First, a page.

11 07 2015

AmySince our shallow society can scarcely handle complexity, a rather traditional narrative gets slapped onto the life and death of Amy Winehouse. Unfortunately, her membership to the “27 Club” alongside Joplin, Hendrix, and Morrison lent itself to vast overgeneralization.  People tend to cast her as a talented but troubled artist haunted by personal demons, substance addictions, and public pressure.

Asif Kapadia’s documentary “Amy,” pieced together solely from personal videos and archival performance footage of the singer/songwriter, steals the story back for two hours to correct mistaken notions and fill in a few holes of knowledge.  In many ways, public perception of Winehouse’s downward-spiraling trajectory was spot-on.  But thanks to Kapadia, the familiarity of her struggle does not make her journey conventional.  It makes the tale even more tragic.

Be it a jazzy rendition of “Happy Birthday” at 14, a record label sitting room in her late teens, or packed outdoor arenas in the UK by her early twenties, Amy Winehouse knew how to captivate any audience with her singing voice and fiery personality.  She began writing songs because there was, as she put it, “nothing new that represented me.”  Winehouse’s words and melodies come from a place of authenticity, informed by the real pain of traumatic childhood events like a divorce and a diagnosis of depression.

For many years, people like me were content to consume Amy Winehouse’s albums while merely considering her as a figure, not a person.  To produce music that resonates on such a personal level by confronting inner darkness, she had to face her fair share of issues.  Throughout “Amy,” the songs weave naturally into the storyline, a brilliant editorial choice since the words flowed so directly from her life.  Kapadia usually opts to superimpose the words over Winehouse singing live, allowing an appreciation of her talents as both a lyricist and a performer.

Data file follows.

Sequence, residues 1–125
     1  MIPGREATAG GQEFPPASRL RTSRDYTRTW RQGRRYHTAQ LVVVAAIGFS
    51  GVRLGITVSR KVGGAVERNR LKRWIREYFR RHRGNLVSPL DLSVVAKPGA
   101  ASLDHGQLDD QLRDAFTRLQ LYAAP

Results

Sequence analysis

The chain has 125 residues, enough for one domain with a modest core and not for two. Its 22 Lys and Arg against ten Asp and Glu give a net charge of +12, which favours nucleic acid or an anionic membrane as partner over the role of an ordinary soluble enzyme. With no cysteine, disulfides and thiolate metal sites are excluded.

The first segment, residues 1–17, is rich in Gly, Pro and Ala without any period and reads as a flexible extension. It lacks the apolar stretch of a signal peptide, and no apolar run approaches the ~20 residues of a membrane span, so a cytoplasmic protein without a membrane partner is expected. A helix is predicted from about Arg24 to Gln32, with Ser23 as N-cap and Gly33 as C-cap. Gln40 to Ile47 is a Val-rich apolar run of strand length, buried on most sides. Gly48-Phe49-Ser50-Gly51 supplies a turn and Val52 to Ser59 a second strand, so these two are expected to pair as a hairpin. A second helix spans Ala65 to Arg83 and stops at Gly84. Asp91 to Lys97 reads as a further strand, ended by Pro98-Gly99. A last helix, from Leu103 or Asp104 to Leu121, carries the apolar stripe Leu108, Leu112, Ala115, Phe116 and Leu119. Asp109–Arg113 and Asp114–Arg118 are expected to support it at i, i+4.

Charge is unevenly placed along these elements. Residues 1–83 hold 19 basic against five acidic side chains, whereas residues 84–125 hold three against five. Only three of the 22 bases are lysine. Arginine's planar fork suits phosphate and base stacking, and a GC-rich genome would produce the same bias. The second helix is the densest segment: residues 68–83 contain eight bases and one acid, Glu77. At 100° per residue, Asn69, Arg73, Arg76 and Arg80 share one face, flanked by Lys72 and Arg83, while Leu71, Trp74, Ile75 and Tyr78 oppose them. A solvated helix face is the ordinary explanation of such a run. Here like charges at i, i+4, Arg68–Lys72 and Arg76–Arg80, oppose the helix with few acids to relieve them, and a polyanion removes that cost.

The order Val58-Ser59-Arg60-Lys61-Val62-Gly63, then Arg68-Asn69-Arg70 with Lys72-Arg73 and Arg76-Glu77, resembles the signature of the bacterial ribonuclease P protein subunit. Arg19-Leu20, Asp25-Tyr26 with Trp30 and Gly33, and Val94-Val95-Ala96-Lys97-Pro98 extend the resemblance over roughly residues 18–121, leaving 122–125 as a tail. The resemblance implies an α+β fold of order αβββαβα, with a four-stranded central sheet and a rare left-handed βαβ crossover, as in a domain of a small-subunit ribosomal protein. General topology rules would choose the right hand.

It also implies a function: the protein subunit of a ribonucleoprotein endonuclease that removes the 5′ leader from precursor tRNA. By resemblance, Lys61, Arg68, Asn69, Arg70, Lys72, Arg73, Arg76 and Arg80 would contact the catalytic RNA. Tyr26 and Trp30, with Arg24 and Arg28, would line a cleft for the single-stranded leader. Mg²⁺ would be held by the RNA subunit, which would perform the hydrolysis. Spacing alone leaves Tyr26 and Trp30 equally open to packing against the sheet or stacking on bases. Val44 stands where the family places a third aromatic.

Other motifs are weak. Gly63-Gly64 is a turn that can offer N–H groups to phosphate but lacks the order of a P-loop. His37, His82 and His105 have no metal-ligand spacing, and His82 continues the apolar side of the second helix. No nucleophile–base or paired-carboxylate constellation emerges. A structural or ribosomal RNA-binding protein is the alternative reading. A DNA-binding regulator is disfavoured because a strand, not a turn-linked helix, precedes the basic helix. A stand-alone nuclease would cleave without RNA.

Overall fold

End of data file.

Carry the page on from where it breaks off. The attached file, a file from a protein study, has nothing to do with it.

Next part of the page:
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5 07 2015

SennaI saw Ron Howard’s “Rush,” a film fictionalizing a storied Formula 1 rivalry, and found no problems following it or being (marginally) entertained by it.  Ditto the F1 documentary “Weekend of a Champion,” which amounts to little more than Roman Polanski following around driver Jackie Stewart.  I thought it was fascinating enough to stay awake at the screening in Cannes, which is actually a pretty big feat.

So, objectively, there is no reason I should not be able to connect with Asif Kapadia’s documentary “Senna,” which presents the story of legendary F1 driver Ayrton Senna.  Yet I never found an entry point in the film. For someone rather unversed in the sport like myself, this story proved rather impenetrable.

I suppose hardcore fans would probably praise the film because of my disdain, glad “Senna” does not pander to the uninitiated.  Kapadia constructs the film, which follows Senna’s rise to the top and its tragic ending, solely from archival footage and pre-existing interviews.  No talking heads, no perspective presented with the benefit of hindsight.  In other words, he tells the story entirely in the present tense – a true rarity for a documentary.

The structural ambition is commendable, but it also serves to limit the audience. Anyone who needs to know how Formula 1 operates or why Senna mattered gets left in the dust by Kapadia.  C2stars